Dr. Maxwell named chair of the National Academy of Practice in Physical TherapyPosted: April 29, 2014
Barbara Maxwell, PT, DPT, ’06, MSc, Cert THE, FNAP, professor and A.T. Still University (ATSU) director of interprofessional education and collaboration, has been named as the inaugural chair of the newly established National Academy of Practice in Physical Therapy (NAPPT) under the National Academies of Practice (NAP). She was also inducted as a Distinguished Scholar and Fellow of the Academy during the Annual Forum of the NAP on April 4-6 in Washington, DC.
NAP is a non-profit organization founded in 1981 to advise governmental bodies on the United States healthcare system. Distinguished practitioners and scholars are elected by their peers from 10 different health professions to join the only interprofessional group of healthcare practitioners and scholars dedicated to supporting affordable, accessible, coordinated quality healthcare for all. Membership currently includes five categories: Distinguished Practitioners, Distinguished Scholars, Distinguished Public Policy Fellows, Associate Members and Members Emeriti.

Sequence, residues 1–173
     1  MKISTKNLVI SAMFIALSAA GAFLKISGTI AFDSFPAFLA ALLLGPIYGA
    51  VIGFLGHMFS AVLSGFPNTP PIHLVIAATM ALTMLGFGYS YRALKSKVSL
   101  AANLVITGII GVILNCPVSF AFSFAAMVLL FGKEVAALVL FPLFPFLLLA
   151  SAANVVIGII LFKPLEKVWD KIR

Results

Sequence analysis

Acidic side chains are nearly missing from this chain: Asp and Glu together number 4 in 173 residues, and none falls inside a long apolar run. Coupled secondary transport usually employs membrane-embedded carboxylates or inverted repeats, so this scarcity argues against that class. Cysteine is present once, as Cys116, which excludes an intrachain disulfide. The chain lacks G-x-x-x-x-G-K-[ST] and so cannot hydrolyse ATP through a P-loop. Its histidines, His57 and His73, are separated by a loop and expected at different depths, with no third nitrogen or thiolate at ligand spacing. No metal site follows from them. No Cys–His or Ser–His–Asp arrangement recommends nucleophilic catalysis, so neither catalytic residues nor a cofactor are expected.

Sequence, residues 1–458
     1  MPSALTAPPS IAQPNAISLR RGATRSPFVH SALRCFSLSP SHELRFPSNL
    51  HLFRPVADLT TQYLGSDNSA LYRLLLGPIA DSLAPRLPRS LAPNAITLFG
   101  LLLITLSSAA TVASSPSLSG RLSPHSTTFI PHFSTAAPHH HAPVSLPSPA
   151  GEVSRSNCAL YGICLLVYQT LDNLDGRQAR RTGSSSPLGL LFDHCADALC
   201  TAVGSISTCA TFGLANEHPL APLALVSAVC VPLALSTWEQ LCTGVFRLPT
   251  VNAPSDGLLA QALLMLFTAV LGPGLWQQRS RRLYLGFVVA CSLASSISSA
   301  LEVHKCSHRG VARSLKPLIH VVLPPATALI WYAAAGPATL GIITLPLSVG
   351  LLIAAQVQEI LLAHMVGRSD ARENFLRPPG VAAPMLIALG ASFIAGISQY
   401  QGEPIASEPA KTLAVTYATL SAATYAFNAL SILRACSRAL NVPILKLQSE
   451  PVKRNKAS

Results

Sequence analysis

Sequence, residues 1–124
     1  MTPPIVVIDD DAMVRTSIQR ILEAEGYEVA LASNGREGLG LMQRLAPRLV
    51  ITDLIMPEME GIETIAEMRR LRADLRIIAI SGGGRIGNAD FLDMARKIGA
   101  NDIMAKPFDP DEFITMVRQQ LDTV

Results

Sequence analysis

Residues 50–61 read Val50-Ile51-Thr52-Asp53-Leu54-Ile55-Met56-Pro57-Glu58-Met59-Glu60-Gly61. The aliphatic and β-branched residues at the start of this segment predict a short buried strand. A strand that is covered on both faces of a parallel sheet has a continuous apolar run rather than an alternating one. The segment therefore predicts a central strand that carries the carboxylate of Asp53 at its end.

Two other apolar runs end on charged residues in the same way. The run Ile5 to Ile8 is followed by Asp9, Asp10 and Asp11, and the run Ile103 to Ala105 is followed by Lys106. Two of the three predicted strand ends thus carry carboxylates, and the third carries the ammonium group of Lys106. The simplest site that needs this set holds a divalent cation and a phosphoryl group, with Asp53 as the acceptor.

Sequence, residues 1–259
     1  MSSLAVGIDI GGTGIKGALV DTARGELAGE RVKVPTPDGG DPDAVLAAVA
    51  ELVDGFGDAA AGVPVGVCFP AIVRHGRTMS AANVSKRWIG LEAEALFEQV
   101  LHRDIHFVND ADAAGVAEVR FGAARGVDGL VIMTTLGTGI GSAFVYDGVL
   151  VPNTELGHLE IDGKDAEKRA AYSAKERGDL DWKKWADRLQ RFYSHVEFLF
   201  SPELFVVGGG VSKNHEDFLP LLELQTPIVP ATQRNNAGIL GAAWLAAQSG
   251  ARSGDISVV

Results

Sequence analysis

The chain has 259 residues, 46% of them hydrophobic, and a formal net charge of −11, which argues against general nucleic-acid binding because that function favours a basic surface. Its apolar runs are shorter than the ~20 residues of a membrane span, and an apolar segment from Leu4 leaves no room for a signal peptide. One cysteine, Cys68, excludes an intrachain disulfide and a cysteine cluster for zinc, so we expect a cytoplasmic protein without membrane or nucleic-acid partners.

The purpose of the NAPPT is to promote the mission and purpose of the NAP, to support and encourage the ongoing evolution of the physical therapy profession, interprofessional partnerships, and the practice of physical therapy, with a rehabilitative emphasis.
“I am truly honored to be inducted into and to have been named inaugural chair of the National Academy of Practice in Physical Therapy,” said Dr. Maxwell. “The addition of this new academy within the National Academies of Practice marks a substantial achievement for the physical therapy profession, which brings a long history of interprofessional collaboration, and a focus on rehabilitation to NAP. The founding members of the physical therapy academy are eager to engage as active members of this interprofessional community of healthcare practitioners and scholars dedicated to supporting affordable, accessible, coordinated, quality healthcare for all.”